EU proposes mandatory USB-C on all devices, including iPhones.

The European Commission has presented legislation that would compel Apple to use a USB-C port on all iPhones, iPads, and AirPods in Europe. (USB-C on all devices including iPhones.)
The proposal, known as a directive, would force all consumer electronics manufacturers who sell devices in Europe to ensure that all smartphones, tablets, cameras, headphones, portable speakers, handheld videogame consoles feature a USB-C port. This “common port” would be a world first and impact Apple in particular since it widely uses the Lightning connector instead of USB-C on many of its devices.

In 2018, the European Commission tried to reach a final resolution on the issue but it failed to come into law. At the time, Apple warned that forcing a common charging port on the industry would stifle innovation and create electronic waste as consumers were forced to switch to new cables. A European Commission impact assessment study conducted in 2019 found that half of all charging cables sold with mobile phones had a USB micro-B connector, 29 percent had a USB-C connector, and 21 percent had a Lightning connector.
Environmental benefits, reduced waste, convenience, and $293 million in annual savings for users are said to be among the advantages of the new directive. (USB-C on all devices including iPhones.)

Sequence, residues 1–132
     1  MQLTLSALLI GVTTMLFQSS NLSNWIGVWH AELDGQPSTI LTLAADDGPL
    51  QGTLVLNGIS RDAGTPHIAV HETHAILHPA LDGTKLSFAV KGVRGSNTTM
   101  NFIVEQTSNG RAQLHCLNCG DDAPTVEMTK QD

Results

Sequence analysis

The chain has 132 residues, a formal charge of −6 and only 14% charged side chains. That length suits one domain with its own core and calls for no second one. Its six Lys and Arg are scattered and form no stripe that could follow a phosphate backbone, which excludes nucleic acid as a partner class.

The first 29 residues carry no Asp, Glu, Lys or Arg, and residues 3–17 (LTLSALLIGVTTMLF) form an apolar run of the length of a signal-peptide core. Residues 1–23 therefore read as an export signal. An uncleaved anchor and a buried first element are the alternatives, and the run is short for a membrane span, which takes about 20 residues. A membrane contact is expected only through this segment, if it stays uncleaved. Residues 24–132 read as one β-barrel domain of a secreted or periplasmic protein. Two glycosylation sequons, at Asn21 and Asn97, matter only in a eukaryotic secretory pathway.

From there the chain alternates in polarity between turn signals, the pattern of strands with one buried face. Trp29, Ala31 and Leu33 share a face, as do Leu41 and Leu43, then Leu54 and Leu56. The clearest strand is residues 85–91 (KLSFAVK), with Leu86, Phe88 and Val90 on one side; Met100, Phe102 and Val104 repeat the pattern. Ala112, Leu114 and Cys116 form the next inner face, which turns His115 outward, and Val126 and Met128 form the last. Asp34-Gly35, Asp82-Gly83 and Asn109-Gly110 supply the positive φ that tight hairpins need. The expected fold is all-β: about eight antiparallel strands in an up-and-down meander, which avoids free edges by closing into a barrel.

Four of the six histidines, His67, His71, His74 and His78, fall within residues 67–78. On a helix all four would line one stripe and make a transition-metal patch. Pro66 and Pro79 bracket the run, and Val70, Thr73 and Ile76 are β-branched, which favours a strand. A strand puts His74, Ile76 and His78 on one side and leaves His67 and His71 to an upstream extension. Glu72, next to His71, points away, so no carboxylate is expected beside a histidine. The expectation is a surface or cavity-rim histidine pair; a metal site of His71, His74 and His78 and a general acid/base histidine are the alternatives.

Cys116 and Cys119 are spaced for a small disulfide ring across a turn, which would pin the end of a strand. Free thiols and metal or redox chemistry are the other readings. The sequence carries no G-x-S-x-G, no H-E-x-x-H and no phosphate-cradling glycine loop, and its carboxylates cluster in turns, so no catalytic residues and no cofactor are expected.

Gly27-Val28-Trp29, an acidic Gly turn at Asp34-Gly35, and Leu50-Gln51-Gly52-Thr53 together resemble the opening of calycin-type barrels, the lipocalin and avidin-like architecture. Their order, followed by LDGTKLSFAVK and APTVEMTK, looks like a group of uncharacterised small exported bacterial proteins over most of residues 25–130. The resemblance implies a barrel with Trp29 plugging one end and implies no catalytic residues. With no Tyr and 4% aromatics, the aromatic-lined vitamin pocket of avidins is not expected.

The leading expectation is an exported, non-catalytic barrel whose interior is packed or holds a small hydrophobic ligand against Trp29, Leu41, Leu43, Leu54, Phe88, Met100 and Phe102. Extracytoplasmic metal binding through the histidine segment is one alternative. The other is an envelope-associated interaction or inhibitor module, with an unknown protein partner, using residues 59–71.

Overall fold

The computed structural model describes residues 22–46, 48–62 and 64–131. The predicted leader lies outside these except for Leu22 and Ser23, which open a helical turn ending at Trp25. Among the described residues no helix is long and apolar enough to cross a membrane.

The draft legislation also proposed that chargers should be sold separately from electronic devices, a move that Apple already started with the iPhone 12 and Apple Watch Series 6 models last year. The European Commission is also planning to revise its eco-design regulations to ensure that external power supplies for devices are interoperable.
In a statement shared with Reuters, Apple said “We remain concerned that strict regulation mandating just one type of connector stifles innovation rather than encouraging it, which in turn will harm consumers in Europe and around the world.” The company also expressed concerns about the proposed two-year transition period to switch to USB-C.

The directive now needs to be greenlit by the EU Parliament and national governments, who may suggest amendments, before it can come into law. The European Commission hopes that this will occur in 2022. From that point, companies will have two years to transition to USB-C on their devices.

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